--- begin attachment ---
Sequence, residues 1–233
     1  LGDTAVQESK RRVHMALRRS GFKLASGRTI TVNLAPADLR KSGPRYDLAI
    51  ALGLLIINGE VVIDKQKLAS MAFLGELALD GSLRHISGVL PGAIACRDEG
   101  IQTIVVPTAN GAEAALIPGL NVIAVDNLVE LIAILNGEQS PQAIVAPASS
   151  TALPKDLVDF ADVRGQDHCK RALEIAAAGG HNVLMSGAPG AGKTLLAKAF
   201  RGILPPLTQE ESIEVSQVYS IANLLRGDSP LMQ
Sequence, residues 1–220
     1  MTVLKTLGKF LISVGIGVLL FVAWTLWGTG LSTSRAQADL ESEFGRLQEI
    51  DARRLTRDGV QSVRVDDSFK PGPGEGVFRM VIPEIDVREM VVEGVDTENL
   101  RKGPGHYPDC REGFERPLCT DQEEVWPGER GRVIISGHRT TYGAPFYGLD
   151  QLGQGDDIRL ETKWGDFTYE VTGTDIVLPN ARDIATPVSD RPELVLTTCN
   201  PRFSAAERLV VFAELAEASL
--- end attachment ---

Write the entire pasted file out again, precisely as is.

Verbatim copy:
Sequence, residues 1–233
     1  LGDTAVQESK RRVHMALRRS GFKLASGRTI TVNLAPADLR KSGPRYDLAI
    51  ALGLLIINGE VVIDKQKLAS MAFLGELALD GSLRHISGVL PGAIACRDEG
   101  IQTIVVPTAN GAEAALIPGL NVIAVDNLVE LIAILNGEQS PQAIVAPASS
   151  TALPKDLVDF ADVRGQDHCK RALEIAAAGG HNVLMSGAPG AGKTLLAKAF
   201  RGILPPLTQE ESIEVSQVYS IANLLRGDSP LMQ
Sequence, residues 1–220
     1  MTVLKTLGKF LISVGIGVLL FVAWTLWGTG LSTSRAQADL ESEFGRLQEI
    51  DARRLTRDGV QSVRVDDSFK PGPGEGVFRM VIPEIDVREM VVEGVDTENL
   101  RKGPGHYPDC REGFERPLCT DQEEVWPGER GRVIISGHRT TYGAPFYGLD
   151  QLGQGDDIRL ETKWGDFTYE VTGTDIVLPN ARDIATPVSD RPELVLTTCN
   201  PRFSAAERLV VFAELAEASL